As an aside, digging in the ground here is hard work.  Rocks, sand, rocks, the ever-present threat of nicking the irrigation line, rocks, sunburn; you get the idea.  There is only one thing keeping me from jumping into the pool to cool off, and that is

Yup, construction next door.   I don’t want to scare them off by appearing in a bathing suit (and topless is completely out of the question, for a variety of reasons).   Boy, will I be glad when they’re done.  There are 7 houses in various stages on construction within a hundred and fifty feet here, and these guys start early.  6:00 this morning, with music and hammering and noise.  The upside is that they’re gone by 4:01 pm, and the building will be done and completed when we come back in the fall.  In the meantime though, the backyard isn’t as private as you might think.  I am spending time inside trying to amuse myself with sticks and string.

This is Elizabeth Freeman’s  Aeolian Shawl from Knitty.  I am naming it the Ironic Aeolian, since the pattern is inspired by desert plants, and I am knitting it in an obviously watery colour.  I’m using the pricey-but-oh-so-nice Ella Rae Merino Lace and some really cheap beads from a chain craft store.   Lace is uninspiring before it’s blocked, but this is a pretty fun knit (although the beginning was threatening to kick my ass.  Oh, and failure to apply the stitch chart at one point also threatened to kick my ass, but that was after happy hour and I may have had a libation that was clouding my faculties.).    The wrong-side rows are all purled which is proving to be somewhat tedious, but I am using that to practice the Peruvian purl technique that Stephanie Pearl-McPhee  taught last year at Knitting Camp.  (The only tension on the yarn is from around your neck, and the yarn is on the floor.  Terribly quick and easy, or at least it should be by the time I get to the end of the shawl.)

I’ve been invited to dinner tonight up the street- meeting some new neighbors.  I have to take a salad.  I hate making salad.  I love to eat it, but I hate to make it.  Terri- if you read this in time, send me an email with a salad recipe.  (Is that pathetic, needing a recipe for a salad?)  And now, I must go and pick miniscule cactus spines out of my hand.  Everyone needs a hobby.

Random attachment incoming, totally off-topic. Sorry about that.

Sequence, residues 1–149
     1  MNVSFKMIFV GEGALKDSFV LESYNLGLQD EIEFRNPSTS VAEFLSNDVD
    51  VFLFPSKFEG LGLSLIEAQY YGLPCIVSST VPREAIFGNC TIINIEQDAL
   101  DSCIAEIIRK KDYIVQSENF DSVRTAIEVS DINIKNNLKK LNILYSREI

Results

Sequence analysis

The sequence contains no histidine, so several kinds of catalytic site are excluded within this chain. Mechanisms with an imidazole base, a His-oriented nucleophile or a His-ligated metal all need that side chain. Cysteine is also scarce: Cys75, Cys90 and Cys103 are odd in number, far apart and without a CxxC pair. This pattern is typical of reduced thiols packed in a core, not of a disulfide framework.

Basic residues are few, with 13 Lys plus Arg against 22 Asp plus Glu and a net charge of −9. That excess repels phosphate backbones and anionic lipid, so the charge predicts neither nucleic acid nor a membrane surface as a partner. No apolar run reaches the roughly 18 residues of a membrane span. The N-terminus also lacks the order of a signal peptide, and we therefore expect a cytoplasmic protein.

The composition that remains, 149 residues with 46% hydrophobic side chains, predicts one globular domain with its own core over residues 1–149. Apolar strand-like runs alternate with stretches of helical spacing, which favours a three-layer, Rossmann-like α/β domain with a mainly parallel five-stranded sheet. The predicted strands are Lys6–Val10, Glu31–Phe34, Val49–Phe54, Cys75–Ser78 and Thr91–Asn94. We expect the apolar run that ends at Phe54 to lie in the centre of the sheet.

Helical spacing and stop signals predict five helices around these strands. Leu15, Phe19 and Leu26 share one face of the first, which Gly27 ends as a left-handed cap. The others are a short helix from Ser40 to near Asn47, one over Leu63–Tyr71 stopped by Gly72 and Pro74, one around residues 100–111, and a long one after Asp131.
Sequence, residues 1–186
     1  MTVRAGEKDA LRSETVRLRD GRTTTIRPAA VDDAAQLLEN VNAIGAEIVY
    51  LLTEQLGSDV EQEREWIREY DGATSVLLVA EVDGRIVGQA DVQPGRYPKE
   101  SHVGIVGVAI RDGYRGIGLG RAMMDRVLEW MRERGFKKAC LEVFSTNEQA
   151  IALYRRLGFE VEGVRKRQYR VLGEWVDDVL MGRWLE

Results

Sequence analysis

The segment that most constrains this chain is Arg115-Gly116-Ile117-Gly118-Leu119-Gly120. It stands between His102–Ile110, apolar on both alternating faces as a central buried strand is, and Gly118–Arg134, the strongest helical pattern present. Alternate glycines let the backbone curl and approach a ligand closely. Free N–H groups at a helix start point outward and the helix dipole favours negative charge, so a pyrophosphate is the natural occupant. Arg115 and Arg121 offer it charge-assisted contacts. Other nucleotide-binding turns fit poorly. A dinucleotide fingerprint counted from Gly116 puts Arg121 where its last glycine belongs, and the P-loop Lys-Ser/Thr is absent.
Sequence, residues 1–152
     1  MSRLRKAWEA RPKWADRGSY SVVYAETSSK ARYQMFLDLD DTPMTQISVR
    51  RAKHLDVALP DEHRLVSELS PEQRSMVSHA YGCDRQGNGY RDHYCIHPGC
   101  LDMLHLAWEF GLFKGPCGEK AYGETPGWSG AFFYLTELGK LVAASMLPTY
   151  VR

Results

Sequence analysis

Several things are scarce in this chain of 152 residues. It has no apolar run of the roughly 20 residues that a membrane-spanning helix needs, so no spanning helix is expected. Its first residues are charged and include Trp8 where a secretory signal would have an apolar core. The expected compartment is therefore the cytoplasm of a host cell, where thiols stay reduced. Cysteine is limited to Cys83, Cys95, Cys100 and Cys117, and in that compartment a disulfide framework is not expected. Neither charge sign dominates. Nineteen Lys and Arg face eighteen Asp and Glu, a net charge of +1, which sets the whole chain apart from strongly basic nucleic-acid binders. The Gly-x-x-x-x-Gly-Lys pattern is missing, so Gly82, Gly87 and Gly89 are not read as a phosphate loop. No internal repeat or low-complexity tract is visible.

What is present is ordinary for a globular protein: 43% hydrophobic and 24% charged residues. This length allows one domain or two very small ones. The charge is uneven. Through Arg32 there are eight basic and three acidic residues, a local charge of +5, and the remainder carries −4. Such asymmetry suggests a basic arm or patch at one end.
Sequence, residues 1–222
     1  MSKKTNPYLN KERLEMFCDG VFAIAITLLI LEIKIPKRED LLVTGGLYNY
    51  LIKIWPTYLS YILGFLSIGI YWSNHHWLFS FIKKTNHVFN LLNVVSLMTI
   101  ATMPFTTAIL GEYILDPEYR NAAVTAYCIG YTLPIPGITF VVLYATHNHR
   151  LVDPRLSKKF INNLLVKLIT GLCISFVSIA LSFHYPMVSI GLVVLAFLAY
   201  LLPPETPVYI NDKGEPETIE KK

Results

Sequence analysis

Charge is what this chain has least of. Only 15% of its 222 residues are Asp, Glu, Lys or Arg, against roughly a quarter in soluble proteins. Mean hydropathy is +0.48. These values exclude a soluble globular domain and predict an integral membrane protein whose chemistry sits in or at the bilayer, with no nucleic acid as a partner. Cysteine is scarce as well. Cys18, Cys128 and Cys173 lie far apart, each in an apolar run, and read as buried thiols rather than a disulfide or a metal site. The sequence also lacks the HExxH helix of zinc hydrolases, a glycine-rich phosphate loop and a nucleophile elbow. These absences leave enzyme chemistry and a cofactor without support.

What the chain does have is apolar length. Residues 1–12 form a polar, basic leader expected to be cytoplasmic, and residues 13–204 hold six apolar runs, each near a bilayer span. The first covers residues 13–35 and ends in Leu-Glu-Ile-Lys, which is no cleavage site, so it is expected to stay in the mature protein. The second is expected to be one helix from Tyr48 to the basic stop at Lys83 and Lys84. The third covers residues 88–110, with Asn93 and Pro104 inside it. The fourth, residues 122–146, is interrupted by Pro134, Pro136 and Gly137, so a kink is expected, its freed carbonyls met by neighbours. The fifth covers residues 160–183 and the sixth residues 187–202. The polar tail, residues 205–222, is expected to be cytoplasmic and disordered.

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In case you thought that I was the only challenged Canadian solo navigating the waters of the United States, and if you have a minute  or two to be entertained, check out the last few postings of Rabbitch.

This whole independant-woman-thing reminded me of my first solo road trip (well, I was the only driver in the car) where I drove from Saskatoon all the way to Vancouver accompanied by Andy, who was thirteen at the time.  By the time we reached the Pacific coast, Andy was well trained.  Every time I made a wrong turn slight course deviation, I’d look at Andy and say “and what is this?”  He would roll his eyes as only a teenager can when confronted by the inescapable evidence that his mother is stupid, and say “It’s just part of the Big Adventure.”  Isn’t travelling grand.

After visiting Tempe Yarn and Fibre last Saturday, my knitting mojo got a little nudge kick in the ass, and I have been busy with some beads and some Ella Rae Lace Merino (and some new Addi Turbo Lace needles).  I have no pictures yet, as there is nothing as uninspiring as unblocked lace.  A little bit of weaving has occurred, but not as much as I thought.  I came down here to Arizona fully intending to acquire a wider loom, but I’ve been a little sidetracked, and was introduced to a nifty gadget called the Baby Wolf.    Hey, a girl can dream.  I was invited to take a class, but I think I will wait until the fall or maybe next spring.  In the meantime, I’ll be the one picking bottles in the ditch and putting the money towards my hobby fund.  I’m still thinking that I’d like to get a tapestry loom.  No reason, just sounds like fun.  I’ve ordered this book because I forgot my copy at home; I’d like to get started and it was cheaper to order a new copy for down here than to have Mike ship it down.  (Or so he said; I think he just was afraid to have to look for it in my office.  Kinda yella, that one.)

So, no pictures today, but tomorrow I promise a tale of transformation, commerce, misplaced bravado, a movie reference, glistening skin under the Buckeye sun and some subsequent libations.  All with an illustration or two.